Monday, September 22, 2014

What's in a Startups' Name: Five Things to Consider from a Social Media/PR Perspective

Parents often agonize before selecting a name for their child. They often study books of names to check on potential meanings. They might even check the Social Security annual list of popular names.

When it comes to entrepreneurs deciding on a name for their company, it can seem like a different story.

Instead of taking the founder's name (Ford, Dell, etc.) or picking two words to convey something about the company (
Best Buy or Home Depot), many startups picks one-word corporate names that aren't usually descriptive and often have unusual letter selections, favoring lessor used letters like V (Fivver) X,(Ameex Tech) Y (Lyft) or Z (Zlio), a number (29 Prime, Netcomm3) or some combination (X5 Networks) . 

Sometimes the startup's name combines two words into one to let you know what they do (Pinterest) while others seem to convey something but don't -- like SuperFish (a visual search company). And often enough the name is a deliberately misspelled variant (Bizness Apps or SeaSnax).

We're not in the naming business but we do work with startups that sometimes pick trendy-sounding names that cause problems for them with the media -- that's why I'm writing about this now. And this is not based on a current client. 
But we've compiled five considerations as you're developing a name for your startup.

  1. There's a thin line between interesting corporate names and dumb ones. Make sure you pick a name on the right side of that line. Not sure? Check out this article: "The 15 Dumbest Names for Web 2.0 Startups." (If you represent one of those companies, don't blame me; I just pointed out the blog post.) For an example of successful naming, check out this Eddie Izzard clip about the singer once known as Jerry Dorsey.
  2. Your name is also your major brand identify. (Again someone else can help you pick wisely, for example, check out "5 Startup Naming Rules from SXSW.") Which means, you should make sure a URL, Twitter ID, and other social media platforms are available for your startup. Keep in mind: even if your name is a made up name, with odd spelling, someone else could already have that name, as we found out for a couple of past clients with rather unusual names. (This was not a case of brandjacking because the Twitter IDs had been created before the startups had been a gleam in the eye of the founders.) This left the clients with two options 1) Find another way to represent your company and brand, or 2) Try to negotiate and buy the URL, Twitter or Instagram ID. There is a downside to both those options.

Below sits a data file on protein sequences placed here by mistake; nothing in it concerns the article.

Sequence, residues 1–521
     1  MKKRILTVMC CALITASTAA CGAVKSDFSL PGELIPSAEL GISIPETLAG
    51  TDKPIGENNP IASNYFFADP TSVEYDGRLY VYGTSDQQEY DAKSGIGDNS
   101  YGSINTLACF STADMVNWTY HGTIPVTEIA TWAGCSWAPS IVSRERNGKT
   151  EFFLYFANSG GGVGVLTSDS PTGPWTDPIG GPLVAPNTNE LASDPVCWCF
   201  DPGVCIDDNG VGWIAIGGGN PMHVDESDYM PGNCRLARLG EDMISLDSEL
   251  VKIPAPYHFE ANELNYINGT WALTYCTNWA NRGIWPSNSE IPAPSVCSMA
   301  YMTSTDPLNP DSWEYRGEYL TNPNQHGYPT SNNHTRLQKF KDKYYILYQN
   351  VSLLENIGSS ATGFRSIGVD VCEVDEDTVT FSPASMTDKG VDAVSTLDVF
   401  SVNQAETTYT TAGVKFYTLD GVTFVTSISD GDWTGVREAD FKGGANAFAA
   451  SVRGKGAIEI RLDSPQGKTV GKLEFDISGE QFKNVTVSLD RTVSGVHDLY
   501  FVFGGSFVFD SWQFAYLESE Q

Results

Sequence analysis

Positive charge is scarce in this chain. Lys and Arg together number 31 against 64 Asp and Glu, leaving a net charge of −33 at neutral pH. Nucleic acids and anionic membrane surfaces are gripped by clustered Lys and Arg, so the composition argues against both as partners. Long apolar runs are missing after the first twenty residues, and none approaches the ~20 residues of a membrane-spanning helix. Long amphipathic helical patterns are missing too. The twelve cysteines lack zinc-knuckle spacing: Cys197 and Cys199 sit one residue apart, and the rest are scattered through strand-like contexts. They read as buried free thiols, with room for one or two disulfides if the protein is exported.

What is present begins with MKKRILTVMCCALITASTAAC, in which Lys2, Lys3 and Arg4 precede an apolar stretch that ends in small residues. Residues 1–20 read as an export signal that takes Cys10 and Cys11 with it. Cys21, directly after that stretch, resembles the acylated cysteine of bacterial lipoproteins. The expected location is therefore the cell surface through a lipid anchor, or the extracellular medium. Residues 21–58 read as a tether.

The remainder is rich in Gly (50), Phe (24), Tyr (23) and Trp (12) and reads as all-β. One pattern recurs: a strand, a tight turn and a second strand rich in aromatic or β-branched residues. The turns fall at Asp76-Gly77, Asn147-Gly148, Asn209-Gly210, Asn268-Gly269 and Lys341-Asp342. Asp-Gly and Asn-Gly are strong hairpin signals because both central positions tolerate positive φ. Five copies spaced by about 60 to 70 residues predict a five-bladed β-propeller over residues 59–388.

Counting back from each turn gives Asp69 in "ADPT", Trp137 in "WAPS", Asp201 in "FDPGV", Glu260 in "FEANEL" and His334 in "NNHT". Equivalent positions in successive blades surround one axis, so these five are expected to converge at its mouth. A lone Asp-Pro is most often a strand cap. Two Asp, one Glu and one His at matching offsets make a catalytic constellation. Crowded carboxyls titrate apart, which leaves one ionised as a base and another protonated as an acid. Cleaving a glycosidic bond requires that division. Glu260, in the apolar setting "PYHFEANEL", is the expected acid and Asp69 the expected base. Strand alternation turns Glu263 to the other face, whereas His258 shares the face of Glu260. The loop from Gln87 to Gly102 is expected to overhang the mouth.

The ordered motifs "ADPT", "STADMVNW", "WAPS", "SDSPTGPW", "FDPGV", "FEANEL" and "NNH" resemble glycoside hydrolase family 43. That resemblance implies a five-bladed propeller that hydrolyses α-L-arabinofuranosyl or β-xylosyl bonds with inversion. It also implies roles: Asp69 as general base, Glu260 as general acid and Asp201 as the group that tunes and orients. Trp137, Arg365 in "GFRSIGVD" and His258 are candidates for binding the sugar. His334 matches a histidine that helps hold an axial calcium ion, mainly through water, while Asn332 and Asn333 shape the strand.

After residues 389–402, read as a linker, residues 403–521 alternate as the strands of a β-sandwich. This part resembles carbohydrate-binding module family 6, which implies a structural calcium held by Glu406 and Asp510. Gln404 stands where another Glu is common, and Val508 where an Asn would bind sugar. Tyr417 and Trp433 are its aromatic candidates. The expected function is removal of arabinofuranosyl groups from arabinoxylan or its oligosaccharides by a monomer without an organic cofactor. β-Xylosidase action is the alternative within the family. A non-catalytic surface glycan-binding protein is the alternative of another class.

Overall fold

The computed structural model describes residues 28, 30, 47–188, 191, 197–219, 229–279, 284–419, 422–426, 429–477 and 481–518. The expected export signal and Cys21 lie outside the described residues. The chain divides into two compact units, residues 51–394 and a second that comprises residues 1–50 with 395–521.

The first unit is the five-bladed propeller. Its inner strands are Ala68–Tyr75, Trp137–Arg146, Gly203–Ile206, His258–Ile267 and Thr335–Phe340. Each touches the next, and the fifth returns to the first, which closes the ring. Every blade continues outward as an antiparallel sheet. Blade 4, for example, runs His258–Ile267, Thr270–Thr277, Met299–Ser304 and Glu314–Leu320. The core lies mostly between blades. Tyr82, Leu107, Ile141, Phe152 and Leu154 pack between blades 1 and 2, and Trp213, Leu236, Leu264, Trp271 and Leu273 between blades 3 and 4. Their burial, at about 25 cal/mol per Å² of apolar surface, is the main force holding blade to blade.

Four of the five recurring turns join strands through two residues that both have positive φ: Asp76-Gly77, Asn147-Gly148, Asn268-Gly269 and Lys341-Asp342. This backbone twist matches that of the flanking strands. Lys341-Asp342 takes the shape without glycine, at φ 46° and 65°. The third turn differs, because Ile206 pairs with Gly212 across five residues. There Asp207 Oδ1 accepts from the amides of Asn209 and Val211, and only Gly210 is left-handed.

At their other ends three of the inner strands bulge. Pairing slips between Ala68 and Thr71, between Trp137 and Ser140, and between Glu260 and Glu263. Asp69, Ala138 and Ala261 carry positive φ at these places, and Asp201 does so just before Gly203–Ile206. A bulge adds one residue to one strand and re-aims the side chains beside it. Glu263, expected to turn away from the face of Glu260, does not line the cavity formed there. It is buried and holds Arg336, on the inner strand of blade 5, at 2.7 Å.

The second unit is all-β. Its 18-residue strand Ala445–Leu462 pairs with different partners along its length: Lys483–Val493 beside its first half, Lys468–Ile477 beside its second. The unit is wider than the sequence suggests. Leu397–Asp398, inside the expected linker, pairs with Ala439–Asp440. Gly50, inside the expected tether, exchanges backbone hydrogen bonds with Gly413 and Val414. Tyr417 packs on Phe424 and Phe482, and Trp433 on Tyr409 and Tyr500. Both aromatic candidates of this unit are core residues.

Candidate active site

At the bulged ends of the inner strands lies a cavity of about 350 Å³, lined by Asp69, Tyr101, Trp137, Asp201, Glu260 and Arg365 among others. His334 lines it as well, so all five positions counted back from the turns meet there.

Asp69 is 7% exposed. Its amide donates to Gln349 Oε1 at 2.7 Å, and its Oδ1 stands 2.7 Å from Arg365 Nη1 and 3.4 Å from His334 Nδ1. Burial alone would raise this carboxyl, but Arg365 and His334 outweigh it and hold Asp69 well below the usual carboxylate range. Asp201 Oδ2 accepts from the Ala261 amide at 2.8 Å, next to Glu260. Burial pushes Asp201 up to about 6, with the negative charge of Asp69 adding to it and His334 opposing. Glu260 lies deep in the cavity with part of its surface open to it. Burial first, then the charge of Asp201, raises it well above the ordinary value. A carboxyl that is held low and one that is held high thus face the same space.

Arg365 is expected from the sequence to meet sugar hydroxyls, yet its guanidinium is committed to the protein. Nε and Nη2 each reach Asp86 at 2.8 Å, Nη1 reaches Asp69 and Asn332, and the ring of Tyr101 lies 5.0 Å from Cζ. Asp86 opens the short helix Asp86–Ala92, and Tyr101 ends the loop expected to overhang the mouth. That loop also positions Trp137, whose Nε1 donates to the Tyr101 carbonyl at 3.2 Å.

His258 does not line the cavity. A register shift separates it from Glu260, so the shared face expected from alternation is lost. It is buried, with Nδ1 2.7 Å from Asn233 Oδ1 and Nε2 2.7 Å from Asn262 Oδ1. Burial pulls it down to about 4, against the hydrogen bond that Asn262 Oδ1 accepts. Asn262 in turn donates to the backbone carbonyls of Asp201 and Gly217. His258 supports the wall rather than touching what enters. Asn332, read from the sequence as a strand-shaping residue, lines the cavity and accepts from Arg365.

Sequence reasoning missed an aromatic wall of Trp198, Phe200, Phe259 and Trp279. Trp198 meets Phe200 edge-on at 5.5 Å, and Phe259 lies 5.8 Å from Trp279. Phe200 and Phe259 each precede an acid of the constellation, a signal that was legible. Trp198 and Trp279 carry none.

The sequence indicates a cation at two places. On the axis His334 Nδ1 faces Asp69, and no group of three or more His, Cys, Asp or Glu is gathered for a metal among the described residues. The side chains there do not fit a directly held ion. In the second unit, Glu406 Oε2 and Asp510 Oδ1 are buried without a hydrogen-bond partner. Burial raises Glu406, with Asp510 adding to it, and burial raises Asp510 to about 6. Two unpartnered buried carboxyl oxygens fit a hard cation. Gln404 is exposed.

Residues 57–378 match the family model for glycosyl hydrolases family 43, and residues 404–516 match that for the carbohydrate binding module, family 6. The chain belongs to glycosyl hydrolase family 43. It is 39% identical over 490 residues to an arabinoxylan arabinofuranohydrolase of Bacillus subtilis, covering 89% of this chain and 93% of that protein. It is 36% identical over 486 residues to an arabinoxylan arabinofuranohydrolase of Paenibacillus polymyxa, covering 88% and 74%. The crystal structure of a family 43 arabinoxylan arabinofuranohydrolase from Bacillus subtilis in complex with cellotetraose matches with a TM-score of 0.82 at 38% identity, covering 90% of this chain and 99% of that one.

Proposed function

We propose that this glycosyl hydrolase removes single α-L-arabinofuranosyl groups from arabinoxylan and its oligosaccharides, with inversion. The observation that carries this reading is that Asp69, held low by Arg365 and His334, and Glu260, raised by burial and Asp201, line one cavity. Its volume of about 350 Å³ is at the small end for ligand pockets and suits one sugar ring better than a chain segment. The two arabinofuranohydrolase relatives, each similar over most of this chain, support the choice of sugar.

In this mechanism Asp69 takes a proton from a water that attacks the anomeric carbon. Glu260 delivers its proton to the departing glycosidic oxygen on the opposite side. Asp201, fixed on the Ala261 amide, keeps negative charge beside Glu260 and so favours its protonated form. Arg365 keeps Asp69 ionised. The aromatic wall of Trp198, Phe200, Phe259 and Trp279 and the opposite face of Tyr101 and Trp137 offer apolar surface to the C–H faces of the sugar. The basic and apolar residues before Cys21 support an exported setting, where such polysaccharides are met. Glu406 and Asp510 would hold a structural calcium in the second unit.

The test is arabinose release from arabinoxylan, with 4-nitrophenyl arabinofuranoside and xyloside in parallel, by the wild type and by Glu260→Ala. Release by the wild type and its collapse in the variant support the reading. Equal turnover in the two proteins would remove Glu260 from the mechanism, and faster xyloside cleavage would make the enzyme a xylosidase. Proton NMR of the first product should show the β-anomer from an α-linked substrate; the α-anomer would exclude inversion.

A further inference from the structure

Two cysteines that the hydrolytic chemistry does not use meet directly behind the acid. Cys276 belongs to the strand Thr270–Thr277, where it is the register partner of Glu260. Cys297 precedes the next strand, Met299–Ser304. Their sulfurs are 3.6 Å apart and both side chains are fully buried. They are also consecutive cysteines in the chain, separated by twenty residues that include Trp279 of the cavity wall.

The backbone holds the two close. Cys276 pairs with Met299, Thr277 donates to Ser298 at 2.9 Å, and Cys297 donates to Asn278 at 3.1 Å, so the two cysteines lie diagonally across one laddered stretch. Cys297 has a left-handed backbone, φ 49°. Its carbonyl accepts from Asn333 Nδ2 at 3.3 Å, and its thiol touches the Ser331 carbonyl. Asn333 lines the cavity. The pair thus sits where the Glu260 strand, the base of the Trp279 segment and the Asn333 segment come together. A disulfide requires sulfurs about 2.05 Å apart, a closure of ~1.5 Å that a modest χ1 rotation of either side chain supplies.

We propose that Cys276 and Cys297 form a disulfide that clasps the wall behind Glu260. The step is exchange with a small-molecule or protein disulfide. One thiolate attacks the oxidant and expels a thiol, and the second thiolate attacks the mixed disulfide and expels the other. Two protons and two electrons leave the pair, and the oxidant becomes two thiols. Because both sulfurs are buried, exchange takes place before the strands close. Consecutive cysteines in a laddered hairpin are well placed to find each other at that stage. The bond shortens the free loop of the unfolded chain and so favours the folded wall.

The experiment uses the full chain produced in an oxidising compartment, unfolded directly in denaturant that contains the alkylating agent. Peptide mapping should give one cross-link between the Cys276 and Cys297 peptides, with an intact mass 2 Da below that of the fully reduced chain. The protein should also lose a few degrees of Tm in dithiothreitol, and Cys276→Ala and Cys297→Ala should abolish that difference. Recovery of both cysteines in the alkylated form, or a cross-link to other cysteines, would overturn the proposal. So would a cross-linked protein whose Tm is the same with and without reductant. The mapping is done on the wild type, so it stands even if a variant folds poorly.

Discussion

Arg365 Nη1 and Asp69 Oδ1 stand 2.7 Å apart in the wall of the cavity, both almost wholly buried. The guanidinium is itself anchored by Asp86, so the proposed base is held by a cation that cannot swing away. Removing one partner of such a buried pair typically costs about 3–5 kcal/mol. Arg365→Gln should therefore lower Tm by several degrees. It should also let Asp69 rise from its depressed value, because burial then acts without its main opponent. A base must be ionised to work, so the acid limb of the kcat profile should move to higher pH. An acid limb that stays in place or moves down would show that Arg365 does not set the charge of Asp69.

3. Make sure you and all your employees know how to spell it. That's not as simple as it sounds, even if you're working with a naming company. Take real companies like SwiftPage, Onesource Virtual, epTonics, Stemexpress and Jaybird -- all of them have capitalization errors -- it should be Swiftpage and OneSource, and EPTonics but there's nothing inherent in those names to guide you. So you can be sure people won't necessarily know how to spell your brand. It can get worse. I knew of a company that used an exclamation point to replace the "I" that was the first letter in its name; all the coverage we generated in national media outlets refused to use the "!"; instead they used an "I."
  4. Make sure you and your employees know how to pronounce your company, including how to pronounce the vowels and which syllable to emphasis. For example, the Brits pronounce a lot of words differently; like Al-u-MIN-e-uhm for Aluminum or herb with a strong H as if it were short for Herbert. Inconsistent pronunciation could put customers and employees in an awkward situation of having to correct other people.
  5. If you make up a name, you should research to make sure it doesn't have any not-safe-for-work connotations. Or ironic implications. The famous example is the Chevy Nova, which did not sell as expected when exported to Latin America -- that's because someone forgot to see if Nova meant something else in Spanish. It does: it means no go or doesn't go. With a new name, it might have sold well in Spanish-speaking countries. But it's helpful to have a story about why your corporate name fits your culture, market, etc. We've come across (non-clients especially) whose companies have interesting name but no compelling backstory. The backstory can be important because it can help make the company name more memorable.
My goal here is not to embarrass any organization but we've found that sometimes these issues are not considered when companies are named, and by the time they're ready to launch, it can be too late to make a change. And that can affect how we pitch the client to the media. (It's not good for anyone if we have to spend much of our time on the phone explaining how to pronounce the client's name.)